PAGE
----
29 May 2013 - webeditor - Highlights, Millaman, News & Events, Viña Tres Palacios, William Fèvre Chile, Wine Explorers

Inspiration: Chocolate Choices – Chilean wines to make your mouth melt

So you’ve just had your dinner. You ate your recommended amount of veg, the correct ratio of meat to carbs and you may even have had that healthy fruit salad to finish off. Perfect! Except for one thing. As you sit down to watch your favourite soaps, at the back of your mind something is niggling. You know it’s there – you bought it for moments like this – and it’s calling out to you from the back of the kitchen cupboard. You know you’ve eaten too much already but you can’t resist it…

You get up and grab that bar of luscious chocolate, sit back on your sofa, and enjoy the sweetness, the creaminess, and the ever increasing guilt block by block. Ahh, succulence. And as you slowly submit yourself to this therapeutic desire, you realise that something else is missing; you are lacking something to wash down the melted chocolate bubbling in your mouth, yet at the same time complement the flavours and scent. Now, what drink could be just as tasty and relaxing? Wine, of course! Whilst it is very difficult to pair chocolate with wine (due to the great variety of chocolate flavours), there is no doubt that people combine them very often. And why not? Are they not a woman’s two favourite things to consume? Be careful though, there are some things to look out for when pairing chocolate and wine, so don’t finish your bar too quickly. Here, Wine Source Chile recommends ways to get the best out of your chocolate and wine.

White Chocolate

With its creamy texture and extreme sweetness, pairing white chocolate with a wine is a tricky one. Since you should try to have a wine sweeter than the chocolate, you really have to be careful not to choose a wine that ends up being too tart. A nice Riesling or Chardonnay would do well here as they both are fruity and light. William Fevre’s Espino Chardonnay is a good match. It boasts sweetness with pears and honey but is creamy too, helping to exaggerate the softness of the chocolate and bring out any caramel flavours. Tip: if you’re planning on having a tasting session with different chocolates and wines, start with white and work your way towards a dark chocolate.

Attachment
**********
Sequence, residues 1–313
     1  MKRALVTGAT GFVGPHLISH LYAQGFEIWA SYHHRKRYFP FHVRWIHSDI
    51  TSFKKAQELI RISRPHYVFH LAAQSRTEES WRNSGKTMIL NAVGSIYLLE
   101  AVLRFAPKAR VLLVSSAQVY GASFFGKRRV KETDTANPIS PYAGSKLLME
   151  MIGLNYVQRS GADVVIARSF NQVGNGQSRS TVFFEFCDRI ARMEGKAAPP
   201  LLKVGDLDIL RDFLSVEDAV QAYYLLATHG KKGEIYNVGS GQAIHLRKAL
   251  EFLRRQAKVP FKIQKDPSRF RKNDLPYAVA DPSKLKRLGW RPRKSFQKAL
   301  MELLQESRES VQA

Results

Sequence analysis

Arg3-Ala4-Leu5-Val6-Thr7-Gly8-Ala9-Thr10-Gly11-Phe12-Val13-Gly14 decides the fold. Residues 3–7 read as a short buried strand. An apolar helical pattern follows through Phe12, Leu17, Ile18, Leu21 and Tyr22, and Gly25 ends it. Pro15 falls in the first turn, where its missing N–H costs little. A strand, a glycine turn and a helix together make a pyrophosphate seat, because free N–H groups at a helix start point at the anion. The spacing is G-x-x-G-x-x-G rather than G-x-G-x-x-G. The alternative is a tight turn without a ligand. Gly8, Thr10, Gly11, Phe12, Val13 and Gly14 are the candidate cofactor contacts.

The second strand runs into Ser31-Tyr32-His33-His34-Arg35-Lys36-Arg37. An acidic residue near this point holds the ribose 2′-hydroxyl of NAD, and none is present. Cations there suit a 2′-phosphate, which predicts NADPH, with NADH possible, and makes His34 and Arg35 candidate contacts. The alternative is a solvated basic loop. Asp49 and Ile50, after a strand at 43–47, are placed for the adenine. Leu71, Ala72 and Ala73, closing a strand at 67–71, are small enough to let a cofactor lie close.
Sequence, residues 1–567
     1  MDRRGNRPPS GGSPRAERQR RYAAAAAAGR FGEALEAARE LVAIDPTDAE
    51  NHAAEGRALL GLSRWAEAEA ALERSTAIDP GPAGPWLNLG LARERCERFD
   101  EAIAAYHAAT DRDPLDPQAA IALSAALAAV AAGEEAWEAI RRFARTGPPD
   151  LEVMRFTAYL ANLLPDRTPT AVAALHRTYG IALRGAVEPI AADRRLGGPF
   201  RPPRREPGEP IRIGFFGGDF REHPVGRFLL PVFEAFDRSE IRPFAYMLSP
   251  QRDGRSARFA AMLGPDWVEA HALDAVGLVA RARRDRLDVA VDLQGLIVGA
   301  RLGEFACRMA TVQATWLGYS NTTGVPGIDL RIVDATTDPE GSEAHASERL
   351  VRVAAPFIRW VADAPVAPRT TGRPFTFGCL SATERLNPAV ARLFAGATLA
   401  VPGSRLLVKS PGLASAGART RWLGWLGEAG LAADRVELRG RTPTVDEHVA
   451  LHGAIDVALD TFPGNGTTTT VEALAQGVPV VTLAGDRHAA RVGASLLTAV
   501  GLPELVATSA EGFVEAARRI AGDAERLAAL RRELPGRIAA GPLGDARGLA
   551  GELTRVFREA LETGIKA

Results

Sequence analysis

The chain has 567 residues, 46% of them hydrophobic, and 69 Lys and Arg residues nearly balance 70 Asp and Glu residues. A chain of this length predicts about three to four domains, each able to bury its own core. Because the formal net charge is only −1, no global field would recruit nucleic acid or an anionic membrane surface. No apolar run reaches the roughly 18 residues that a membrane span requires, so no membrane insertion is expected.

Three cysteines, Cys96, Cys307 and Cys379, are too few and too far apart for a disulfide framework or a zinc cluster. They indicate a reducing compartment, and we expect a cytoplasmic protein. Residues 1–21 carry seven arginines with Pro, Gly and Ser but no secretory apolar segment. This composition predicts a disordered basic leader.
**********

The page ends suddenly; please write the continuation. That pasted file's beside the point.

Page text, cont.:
Dark Chocolate

Here we define dark chocolate anything with a cocoa content of between 60-100%, a mixture of semi-sweet and bittersweet chocolate. The choice of wines for this chocolate is large. Because dark chocolate has flavours of nuts, earth, and ash, you should choose a wine that has a similar palate. The Family Vintage Merlot from Tres Palacios offers just the thing. It is not only spicy, with notes of coffee and mocha, but has hints of vanilla and wood grain making it perfect to accompany strong foods, including strong cheese, red meat, and dark chocolate.


Mint Chocolate

You may be thinking – mint with wine, no way!? When you brush your teeth, you always have to wait until the minty freshness leaves your mouth before eating or drinking, surely! But actually, there is proof that minty flavours within dark chocolate goes well with wine. That proof is in the mouth. Without doubt, pair your mint chocolate with the Limited Reserve Zinfandel from Millaman. Zinfandel is not very common in Chile; however this award-winning wine ticks all the right boxes. With tones of plum, coffee and dark chocolate, it balances well with the freshness of the mint whilst offering to enrich other flavours. It works best with dark chocolate, as it also brings out the earthiness and wood tones to make your taste buds tingle.

So when you do finally succumb to that bar of chocolate after dinner, grab a glass of wine to go along with it. Don’t feel too bad. Just remember: chocolate is a vegetable – it is derived from cocoa beans. Bean = vegetable. Sugar is derived from either sugar cane or sugar beets. Both are plants which places them in the vegetable category. Thus, chocolate is a vegetable.



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